Eighty-six percent of Americans are unaware that insurers’ use of the claims history for the previous owners of their home can be factored into setting their premiums for a new policy, according to a new survey of more than 1,000 adults by InsuranceQuotes.
Many insurers use CLUE — Comprehensive Loss Underwriting Exchange — to report and check the claims history of homes. Yet, only 12 percent of buyers say they ask for a CLUE report before buying their current home, according to the survey.
“Consumers of all ages, from millennials to seniors, are almost entirely unaware of how the CLUE database affects their insurance rates,” says Laura Adams, senior insurance analyst at InsuranceQuotes. “In most states, an inquiry about property damage can be added to your CLUE report and used against you, even if you never file a claim.”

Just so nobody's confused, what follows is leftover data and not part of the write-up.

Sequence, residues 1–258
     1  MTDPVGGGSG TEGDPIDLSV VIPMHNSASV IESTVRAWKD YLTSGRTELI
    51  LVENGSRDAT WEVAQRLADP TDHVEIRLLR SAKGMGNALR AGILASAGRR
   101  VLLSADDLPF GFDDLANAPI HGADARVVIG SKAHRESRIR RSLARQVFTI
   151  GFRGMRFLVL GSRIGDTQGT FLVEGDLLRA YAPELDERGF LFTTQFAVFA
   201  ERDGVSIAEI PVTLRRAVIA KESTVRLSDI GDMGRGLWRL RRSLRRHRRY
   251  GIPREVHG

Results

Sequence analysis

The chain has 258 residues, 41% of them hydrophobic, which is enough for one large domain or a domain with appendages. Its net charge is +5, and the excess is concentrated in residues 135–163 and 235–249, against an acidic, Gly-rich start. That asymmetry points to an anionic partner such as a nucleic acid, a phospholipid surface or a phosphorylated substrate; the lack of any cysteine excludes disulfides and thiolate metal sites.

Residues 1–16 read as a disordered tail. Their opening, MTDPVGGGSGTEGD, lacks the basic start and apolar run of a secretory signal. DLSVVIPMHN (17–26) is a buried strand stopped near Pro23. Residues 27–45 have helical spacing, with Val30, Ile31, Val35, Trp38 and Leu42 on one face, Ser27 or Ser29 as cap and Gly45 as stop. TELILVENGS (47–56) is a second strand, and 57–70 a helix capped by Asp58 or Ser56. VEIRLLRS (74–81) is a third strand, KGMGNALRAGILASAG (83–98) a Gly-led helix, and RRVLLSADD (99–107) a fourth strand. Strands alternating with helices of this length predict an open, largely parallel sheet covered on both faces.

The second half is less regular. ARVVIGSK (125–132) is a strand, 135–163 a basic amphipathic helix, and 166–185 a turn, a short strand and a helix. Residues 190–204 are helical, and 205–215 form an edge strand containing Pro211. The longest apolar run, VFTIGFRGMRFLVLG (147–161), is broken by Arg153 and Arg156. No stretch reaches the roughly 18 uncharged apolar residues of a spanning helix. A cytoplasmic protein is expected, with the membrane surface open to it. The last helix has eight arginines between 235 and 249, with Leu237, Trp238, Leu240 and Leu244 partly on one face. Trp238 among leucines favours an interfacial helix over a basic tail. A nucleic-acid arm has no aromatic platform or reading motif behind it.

Only the owner of a property can request a CLUE report. Homebuyers, therefore, need to ask sellers to obtain a copy on their own behalf.
“The CLUE report, which maintains data up to seven years, is a valuable tool for homebuyers because it reveals prior claims and potential risks,” Adams says. “It also helps homesellers provide full disclosure about their property’s condition.”
The CLUE report can be obtained for free once every 12 months.